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8 Jun 2013

Exhumed but not identified

There was a right rumpus in 2005.  The developers rammed their bulldozers into an old family crypt at Highfield, Burnside, South Australia.  It's a heritage area, and it sounds a bit embarrassing.  It took a bit of effort to identify the bodies and the next of kin of the Drews (who used to own the property) were found and added some helpful hints from old letters they had.

I stumbled on all this via a google search for Sophia Dauncey and her husband Joseph.  Last seen at their wedding in Somerset in 1810 and not leaving any obvious traces since that time.  - Until the discovery of their bodies in 2005 and the subsequent newspaper coverage and web traffic.  There was even a headline 'Who was Mrs Dauncey?' asked by the residents of Kangaroo Island, seemingly in possession of a main street named after Sophy.

Well I got onto it.

There were lots of clues, but the one thing I knew for sure was the Edward Drew wasn't the brother of Sophia, who I was pretty certain was a Lucas.  However when I looked for marriages for Edward, one name and location jumped out at me 'Bristol, Sophia Cook' in 1830.  This seemed possible.  When I looked for possibles for Sophia's baptism, I found myself as I usually do, back in Baltonsborough, Somerset.  In this case, the year was 1804.

When I shook the database a little bit more, I found out yet again that Sophia's mother was a Lucas.

So, good.  We have two Sophias.  One was the wife of Edward Drew, and the other was her aunt, Mrs Dauncey.  All fairly tidy - but enough to confuse a lot of newspapers and by no means as quick to pin down as this little blog implies.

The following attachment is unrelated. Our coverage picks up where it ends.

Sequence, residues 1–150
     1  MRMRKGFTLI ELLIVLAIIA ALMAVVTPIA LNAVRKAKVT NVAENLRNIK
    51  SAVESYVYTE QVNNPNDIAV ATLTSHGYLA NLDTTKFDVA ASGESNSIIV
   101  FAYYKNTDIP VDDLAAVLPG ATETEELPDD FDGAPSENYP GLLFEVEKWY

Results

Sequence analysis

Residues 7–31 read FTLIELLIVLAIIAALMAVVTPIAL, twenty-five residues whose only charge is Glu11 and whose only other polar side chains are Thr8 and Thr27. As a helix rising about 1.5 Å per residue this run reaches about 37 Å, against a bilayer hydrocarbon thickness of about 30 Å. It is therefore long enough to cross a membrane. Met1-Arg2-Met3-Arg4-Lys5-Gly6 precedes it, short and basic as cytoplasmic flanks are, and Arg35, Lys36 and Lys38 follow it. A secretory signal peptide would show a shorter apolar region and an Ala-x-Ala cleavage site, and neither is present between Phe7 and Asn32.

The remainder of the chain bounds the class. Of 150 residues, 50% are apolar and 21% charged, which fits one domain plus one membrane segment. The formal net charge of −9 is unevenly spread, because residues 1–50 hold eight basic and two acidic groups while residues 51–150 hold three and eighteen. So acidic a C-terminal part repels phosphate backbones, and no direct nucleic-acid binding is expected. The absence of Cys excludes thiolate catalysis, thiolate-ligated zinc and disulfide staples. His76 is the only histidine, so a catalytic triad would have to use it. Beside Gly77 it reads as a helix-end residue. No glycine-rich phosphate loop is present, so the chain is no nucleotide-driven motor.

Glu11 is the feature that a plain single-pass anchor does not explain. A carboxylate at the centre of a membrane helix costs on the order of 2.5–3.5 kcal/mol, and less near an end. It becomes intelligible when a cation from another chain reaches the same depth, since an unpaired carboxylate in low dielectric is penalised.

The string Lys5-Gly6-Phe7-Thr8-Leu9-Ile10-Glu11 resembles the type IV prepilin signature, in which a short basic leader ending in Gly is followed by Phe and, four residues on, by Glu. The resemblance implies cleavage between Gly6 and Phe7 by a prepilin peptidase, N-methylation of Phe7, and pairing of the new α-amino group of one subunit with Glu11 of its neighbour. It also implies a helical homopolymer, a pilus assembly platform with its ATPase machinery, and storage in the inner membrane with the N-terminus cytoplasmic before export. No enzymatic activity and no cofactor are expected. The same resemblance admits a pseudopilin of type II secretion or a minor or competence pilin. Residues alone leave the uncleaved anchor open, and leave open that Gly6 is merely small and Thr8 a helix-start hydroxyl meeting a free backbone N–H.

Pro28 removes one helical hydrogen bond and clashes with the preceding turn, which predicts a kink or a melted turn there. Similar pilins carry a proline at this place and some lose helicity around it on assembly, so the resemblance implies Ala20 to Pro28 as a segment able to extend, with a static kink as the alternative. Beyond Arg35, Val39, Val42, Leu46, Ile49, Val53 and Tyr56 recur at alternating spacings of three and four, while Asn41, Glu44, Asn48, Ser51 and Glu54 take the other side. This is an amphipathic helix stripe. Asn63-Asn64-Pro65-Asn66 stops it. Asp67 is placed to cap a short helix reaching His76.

So to recap,
Carey Lucas and his wife Susannah married in 1772 and had a nine-year gap, then:
* Elizabeth Lucas was born 1781 at Baltonsborough 'Bolsbury' and evidently baptised as part of the Hardman Chapel circuit (died 1839)
after some more kids, came:
* Sophia Lucas born 1791 and baptised 1792 at Mr Hardman's Chapel (evidently in South Petherton)
she witnessed my ancestor's marriage in 1805 in Baltonsborough
and introduced the name Sophia into the family
and married herself in 1810 to Joseph Dauncey, later the farm manager at Highfield.  No kids.

(I still have no idea why my distant aunt gave her child the name Sophia Lucas in 1818 as there was no quick connection to this Sophia.)

Elizabeth Lucas (1781-1839) married James Cook of Keinton Mandeville (d 1850) and had four children Sophia, Mary, Matthew and Sarah of whom only the first two were baptised (and Matthew as an adult).

Sophia Cook we believe married Edward Drew at 1830 in Bristol and emigrated to Australia on the Lalla Rookh together, with their 2 children and with Drew's nephew Samuel (from Stoke sub Hambdon).  Drew himself was from Odcombe near Yeovil, son of Samuel Drew senr and Jean Geard, who'd married at Montacute.

Mary Cook may have married John Pippen at East Pennard in 1830, and had a daughter Jane who quite probably married Thomas Stafford the stoker at Bristol 1852 and most likely died 1855 leaving no issue.

Edward's descendants may have died out, but the tale of the overgrown crypt hasn't quite, yet.  So that wraps it all up.  And if anyone wants to quibble about the beautiful stone inscription (above), there's no need. Sophia would have been a sister to Edward, even if the actual explanation involves a lot more people.

Postscript, found this on Ancestry:






Elizabeth Drew with the Daunceys in 1841, Martin Street, Baltonsborough:
Ann Waterman was born in Somerton, daughter of Charles Waterman and his wife Frances Maria Dauncey (from Baltonsborough) - who were with their other children in London.

COULD the contact below pls contact me again - ideally with email address.  Comment won't go live but I can then pick up the message and contact you direct.  Elizabeth and her mother both named in Sophia Dauncey's will...